At The Columbus Dispatch, we are building a culture of inclusion

Every day, we strive to write stories that inform, provide perspective, shine a light on your neighbors, and highlight inequality and wrongdoing.

Covering the news and writing about the people, places and issues important to you forces us to know the community and reflect the diversity of this large and growing metropolitan area.

At The Columbus Dispatch, we are building a culture of inclusion to help us achieve this. Inclusiveness influences the stories we tell, the sources we use, and how we reflect the diverse community that we are.

Several years ago, we made a commitment to diversify our newsroom and news direction to better reflect the community. I am proud to say that we continue to make progress on this front. Today we are releasing our third year of statistics showing our racial and gender breakdown. Other newspapers in the USA TODAY Network, made up of more than 200 local publications and USA TODAY, do the same. Information is a snapshot as of July 1, 2022.

Since July 2020, we have made notable progress in increasing the representation of Black, Asian and Hispanic journalists in our newsroom. We have also increased the percentage of women working in the newsroom.

As for newsroom management, currently 10% of our management staff are African American and 10% are Hispanic/Latino.

As this story, Corporate Diversity: Change Takes Time, indicates, inclusion must be deliberate, and I’m proud to say that we join other Franklin County business and nonprofit leaders in continuing to make intentional efforts to be more diverse and inclusive. Having a diverse newsroom where everyone’s voice can be heard allows for different perspectives and creates a culture where everyone can contribute to making The Dispatch the best reflection of our community.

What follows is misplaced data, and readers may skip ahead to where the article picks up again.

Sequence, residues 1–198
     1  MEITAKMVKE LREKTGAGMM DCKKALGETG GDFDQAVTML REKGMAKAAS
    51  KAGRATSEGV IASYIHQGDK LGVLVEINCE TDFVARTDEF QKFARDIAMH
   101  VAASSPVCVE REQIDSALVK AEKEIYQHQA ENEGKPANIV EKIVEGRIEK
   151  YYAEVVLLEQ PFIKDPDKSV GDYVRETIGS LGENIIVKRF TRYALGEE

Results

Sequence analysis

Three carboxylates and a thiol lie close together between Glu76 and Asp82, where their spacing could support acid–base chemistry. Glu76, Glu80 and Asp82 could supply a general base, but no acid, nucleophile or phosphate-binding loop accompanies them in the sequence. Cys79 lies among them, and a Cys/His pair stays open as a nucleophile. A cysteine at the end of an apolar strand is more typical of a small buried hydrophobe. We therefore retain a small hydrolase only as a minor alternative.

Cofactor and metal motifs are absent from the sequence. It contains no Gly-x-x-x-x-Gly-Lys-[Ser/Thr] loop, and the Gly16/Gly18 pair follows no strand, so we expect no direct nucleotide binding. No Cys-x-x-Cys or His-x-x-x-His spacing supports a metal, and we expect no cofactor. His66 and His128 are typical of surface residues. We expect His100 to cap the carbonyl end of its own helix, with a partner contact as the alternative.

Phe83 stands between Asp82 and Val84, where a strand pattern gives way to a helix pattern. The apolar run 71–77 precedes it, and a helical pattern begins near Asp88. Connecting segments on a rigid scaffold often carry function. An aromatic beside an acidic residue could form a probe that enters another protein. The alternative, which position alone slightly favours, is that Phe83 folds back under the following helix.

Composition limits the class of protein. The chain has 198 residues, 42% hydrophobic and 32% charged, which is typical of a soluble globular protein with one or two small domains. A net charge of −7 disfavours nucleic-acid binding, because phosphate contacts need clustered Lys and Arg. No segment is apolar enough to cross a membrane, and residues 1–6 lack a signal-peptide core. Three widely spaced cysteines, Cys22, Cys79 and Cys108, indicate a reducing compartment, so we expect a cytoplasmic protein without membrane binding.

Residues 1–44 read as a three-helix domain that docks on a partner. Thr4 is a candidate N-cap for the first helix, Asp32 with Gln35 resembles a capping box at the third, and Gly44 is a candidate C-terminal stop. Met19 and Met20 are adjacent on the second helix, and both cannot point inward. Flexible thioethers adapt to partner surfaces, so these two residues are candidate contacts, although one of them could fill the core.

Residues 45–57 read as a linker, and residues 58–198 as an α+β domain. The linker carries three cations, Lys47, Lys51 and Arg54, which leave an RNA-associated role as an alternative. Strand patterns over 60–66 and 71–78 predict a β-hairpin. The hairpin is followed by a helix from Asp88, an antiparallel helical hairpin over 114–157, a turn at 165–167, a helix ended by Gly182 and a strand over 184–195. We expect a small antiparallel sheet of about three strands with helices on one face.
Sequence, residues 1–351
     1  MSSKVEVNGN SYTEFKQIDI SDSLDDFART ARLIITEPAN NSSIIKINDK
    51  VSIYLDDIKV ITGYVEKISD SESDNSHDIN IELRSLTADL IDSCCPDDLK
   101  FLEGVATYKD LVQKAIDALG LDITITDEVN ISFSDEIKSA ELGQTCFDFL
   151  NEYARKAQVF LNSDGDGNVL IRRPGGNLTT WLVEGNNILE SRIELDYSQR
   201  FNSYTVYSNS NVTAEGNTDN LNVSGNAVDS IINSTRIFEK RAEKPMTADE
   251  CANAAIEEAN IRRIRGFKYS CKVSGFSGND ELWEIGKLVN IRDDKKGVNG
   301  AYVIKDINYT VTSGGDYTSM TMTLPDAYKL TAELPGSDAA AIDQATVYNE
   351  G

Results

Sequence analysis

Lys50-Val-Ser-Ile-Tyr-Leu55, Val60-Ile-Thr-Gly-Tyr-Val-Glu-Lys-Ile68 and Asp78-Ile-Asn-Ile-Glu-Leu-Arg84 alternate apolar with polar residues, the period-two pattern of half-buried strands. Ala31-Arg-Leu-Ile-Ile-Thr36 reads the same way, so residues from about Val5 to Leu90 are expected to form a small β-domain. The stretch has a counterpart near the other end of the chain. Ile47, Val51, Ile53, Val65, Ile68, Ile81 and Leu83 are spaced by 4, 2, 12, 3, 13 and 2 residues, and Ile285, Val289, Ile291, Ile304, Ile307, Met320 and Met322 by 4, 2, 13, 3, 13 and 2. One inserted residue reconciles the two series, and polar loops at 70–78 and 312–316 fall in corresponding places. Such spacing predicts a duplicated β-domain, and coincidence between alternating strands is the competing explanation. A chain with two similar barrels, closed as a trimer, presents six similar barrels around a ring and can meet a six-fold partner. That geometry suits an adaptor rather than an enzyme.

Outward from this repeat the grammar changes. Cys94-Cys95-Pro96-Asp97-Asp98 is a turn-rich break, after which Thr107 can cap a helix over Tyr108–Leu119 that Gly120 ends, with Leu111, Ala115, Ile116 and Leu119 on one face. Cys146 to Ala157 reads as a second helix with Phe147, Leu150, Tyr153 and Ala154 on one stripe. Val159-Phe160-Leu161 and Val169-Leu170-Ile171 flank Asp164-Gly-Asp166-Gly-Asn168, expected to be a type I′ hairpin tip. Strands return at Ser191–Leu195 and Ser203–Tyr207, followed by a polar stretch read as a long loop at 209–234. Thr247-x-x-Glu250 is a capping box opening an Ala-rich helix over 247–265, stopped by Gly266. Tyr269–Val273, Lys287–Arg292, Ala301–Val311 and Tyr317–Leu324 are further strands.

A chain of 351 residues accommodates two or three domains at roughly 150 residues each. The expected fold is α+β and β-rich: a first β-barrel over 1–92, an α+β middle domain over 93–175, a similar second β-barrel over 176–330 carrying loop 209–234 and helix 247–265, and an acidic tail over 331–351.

To get a sense of some of the processes we have in place, every morning of the week we hold a ‘new ideas’ meeting where any member of staff can come up with a story they think we should write . In addition, once a month staff participate in a diversity audit of our coverage to highlight where we have excelled and where we need to improve. Finally, we are continuing our Mobile Newsroom initiative and in August staff will begin a stay in Linden, the latest neighborhood to be featured.

Herbie Johnson Sr., left, and Herbie Johnson Jr., right, pose for a portrait outside the H. Johnson Bar-BQ in the Driving Park neighborhood.  Johnson Sr. opened the restaurant 45 years ago with his wife, Sandra.  The neighborhood fixture closed during the pandemic.  Black entrepreneurs thrived in Driving Park from the 1960s to the early 2000s. The Dispatch charted 16 former businesses and five still hanging today for an article in March.

Here are some sample stories and editorials that show the breadth of our coverage:

We remain committed to providing the best coverage possible. If you are not a subscriber, I invite you to become one so that you can regularly read our best works.

Edwina Blackwell Clark is the editor of The Dispatch. Contact her at [email protected]

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